Romney caused another stir earlier in the week by declaring that big business was "doing fine" in the current economy in part because companies get advantages from offshore tax havens.
Still, polls suggest the presidential contest is essentially a tossup as Obama struggles under the weight of a weak economy.
The president's re-election campaign has pushed voter attention away from the economy in recent weeks, particularly after Romney introduced Ryan as his running mate. Ryan is the author of a controversial budget plan that would transform Medicare into a voucher-like system for future retirees.
Outside the Ohio rally, protesters heckled the presumptive GOP ticket about its plans for seniors' health care.
Speaking before Romney, Ryan said one in six Americans lives in poverty. He said the country is done being fooled by Obama's promises to change Washington.
Democrats also have seized on Missouri Senate candidate Rep. Todd Akin's comment about "legitimate rape."
The congressman announced Friday that he would not leave the Senate contest despite overwhelming pressure from Romney and top Republican officials.
Romney made the birth certificate remark at a large outdoor rally in Michigan, where he grew up and where his father, George, served as governor. He told supporters that he and his wife, Ann, had been born at nearby hospitals.
"No one's ever asked to see my birth certificate. They know that this is the place that we were born and raised," Romney said.
The crowd of more than 7,000 responded with hearty laughter.
Obama campaign spokesman Ben LaBolt swiftly denounced the remark, saying Romney "embraced the most strident voices in his party instead of standing up to them."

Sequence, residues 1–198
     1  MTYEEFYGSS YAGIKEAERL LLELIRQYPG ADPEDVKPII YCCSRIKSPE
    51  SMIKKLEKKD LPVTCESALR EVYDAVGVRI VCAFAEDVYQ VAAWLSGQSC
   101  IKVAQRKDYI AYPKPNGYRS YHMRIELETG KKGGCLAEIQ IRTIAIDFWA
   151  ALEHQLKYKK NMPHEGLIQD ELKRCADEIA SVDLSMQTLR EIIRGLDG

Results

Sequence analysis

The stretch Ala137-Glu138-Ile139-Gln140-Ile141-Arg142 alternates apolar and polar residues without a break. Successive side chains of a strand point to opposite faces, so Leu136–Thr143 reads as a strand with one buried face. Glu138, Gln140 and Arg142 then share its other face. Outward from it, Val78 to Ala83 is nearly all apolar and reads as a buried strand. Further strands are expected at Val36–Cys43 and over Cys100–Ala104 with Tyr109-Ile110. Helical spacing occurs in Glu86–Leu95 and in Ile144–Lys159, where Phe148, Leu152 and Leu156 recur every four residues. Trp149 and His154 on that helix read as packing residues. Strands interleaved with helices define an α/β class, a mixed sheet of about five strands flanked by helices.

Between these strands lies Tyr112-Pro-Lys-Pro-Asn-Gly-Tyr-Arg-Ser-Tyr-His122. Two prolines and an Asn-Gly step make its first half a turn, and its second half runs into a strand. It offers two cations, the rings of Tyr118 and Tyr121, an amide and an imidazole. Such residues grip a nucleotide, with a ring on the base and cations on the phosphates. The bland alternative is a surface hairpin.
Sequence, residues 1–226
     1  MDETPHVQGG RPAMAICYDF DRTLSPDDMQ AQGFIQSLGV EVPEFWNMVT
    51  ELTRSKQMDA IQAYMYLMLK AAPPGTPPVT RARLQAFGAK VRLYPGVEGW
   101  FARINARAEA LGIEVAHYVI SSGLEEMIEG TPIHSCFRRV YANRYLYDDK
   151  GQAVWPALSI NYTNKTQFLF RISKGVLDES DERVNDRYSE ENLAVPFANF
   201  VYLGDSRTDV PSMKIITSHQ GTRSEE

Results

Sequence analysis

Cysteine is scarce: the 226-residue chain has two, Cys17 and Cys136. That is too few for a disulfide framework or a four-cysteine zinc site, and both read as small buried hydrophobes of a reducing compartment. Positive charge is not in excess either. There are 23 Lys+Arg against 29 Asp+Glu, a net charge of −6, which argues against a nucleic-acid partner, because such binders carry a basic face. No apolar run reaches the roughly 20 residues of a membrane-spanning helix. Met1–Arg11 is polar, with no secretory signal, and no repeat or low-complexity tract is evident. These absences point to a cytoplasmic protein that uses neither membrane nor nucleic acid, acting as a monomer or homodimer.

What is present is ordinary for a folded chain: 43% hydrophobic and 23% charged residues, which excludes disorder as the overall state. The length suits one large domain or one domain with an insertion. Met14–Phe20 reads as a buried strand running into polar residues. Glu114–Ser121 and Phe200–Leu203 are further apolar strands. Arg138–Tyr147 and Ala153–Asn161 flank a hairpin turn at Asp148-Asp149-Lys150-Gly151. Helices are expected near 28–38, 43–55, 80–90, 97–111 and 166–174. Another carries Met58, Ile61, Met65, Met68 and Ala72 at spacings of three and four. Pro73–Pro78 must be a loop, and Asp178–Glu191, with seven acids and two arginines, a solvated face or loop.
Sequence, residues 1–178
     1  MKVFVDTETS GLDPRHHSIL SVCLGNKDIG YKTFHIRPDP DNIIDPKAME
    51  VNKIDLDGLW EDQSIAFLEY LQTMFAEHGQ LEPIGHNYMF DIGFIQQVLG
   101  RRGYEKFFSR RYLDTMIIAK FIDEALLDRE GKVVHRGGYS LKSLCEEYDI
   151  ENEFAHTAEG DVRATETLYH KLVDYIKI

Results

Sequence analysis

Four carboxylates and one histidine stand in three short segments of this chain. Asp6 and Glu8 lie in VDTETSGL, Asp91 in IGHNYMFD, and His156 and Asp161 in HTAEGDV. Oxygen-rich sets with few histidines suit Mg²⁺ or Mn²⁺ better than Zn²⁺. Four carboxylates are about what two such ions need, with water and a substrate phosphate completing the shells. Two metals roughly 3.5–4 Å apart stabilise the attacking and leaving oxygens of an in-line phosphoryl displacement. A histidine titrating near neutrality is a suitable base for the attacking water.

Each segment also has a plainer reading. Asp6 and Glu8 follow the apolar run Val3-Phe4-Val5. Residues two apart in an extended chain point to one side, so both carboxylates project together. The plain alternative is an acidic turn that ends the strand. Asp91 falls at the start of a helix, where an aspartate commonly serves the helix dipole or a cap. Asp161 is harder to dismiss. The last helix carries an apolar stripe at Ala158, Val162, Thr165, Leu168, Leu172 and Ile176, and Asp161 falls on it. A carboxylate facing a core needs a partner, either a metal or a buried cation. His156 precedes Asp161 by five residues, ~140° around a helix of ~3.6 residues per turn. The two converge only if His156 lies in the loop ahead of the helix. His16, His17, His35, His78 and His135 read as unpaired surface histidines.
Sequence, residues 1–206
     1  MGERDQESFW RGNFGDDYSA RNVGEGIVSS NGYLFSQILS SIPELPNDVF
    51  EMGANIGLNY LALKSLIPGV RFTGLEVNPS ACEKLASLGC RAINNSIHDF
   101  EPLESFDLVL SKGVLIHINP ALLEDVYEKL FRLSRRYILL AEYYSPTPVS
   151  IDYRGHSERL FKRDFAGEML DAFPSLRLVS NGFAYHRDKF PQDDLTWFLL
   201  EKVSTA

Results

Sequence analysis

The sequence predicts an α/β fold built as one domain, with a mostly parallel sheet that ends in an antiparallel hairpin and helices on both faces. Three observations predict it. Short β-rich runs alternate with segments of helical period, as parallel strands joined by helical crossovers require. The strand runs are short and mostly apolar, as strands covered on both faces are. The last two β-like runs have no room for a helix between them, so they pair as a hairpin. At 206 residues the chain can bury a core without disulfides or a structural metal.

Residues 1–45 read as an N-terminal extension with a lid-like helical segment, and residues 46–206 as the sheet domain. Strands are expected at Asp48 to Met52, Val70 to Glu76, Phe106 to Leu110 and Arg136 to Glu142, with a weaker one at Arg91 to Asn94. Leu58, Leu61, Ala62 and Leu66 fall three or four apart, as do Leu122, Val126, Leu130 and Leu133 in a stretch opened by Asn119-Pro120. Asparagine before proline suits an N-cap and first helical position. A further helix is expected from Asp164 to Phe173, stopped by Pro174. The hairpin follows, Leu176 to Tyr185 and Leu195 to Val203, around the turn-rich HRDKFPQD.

Romney later denied that the remark was directed at the president.
"No, no, not a swipe," Romney told CBS News. "I've said throughout the campaign and before, there's no question about where he was born. He was born in the U.S. This was fun about us and coming home. And humor, you know — we've got to have a little humor in a campaign."
The authenticity of Obama's birth certificate has been questioned by Republican critics who insist he is not a "natural-born citizen" as required by the Constitution. Obama released a long-form version of his birth certificate last year as proof that he was born in Hawaii in 1961.
But conservative questions have lingered. And Romney has declined to condemn such questions, particularly from prominent donor Donald Trump.
The Obama campaign released a web video Friday night featuring Romney's remark and declaring that "America doesn't need a birther-in-chief." Democrats intend to keep the pressure on as the Republican convention gets under way.
Obama was spending the weekend at the Camp David presidential retreat in Maryland, as Republicans began arriving in Tampa for their convention. But Democrats were planning to counter Romney's message throughout the week.
Reaching out to young voters, a key component of his 2008 election, Obama scheduled stops Tuesday and Wednesday in the college towns of Ames, Iowa; Fort Collins, Colo.; and Charlottesville, Va.
Vice President Joe Biden canceled plans to appear in Tampa on Monday because of Tropical Storm Isaac, but was scheduled to be in Orlando and St. Augustine, Fla., on Tuesday.
After Ryan gives his convention address on Wednesday night, first lady Michelle Obama is set to appear on CBS' "Late Show With David Letterman."
The high-profile events are paired with a number of smaller gatherings around the country by Democrats aiming to attract female voters and a bus tour with party activists in Ohio, Pennsylvania and Wisconsin.
Obama campaign deputy campaign manager Stephanie Cutter said the president's team was "not going to cede four days of this campaign just because of a party convention."
Associated Press writer Ken Thomas contributed to this report.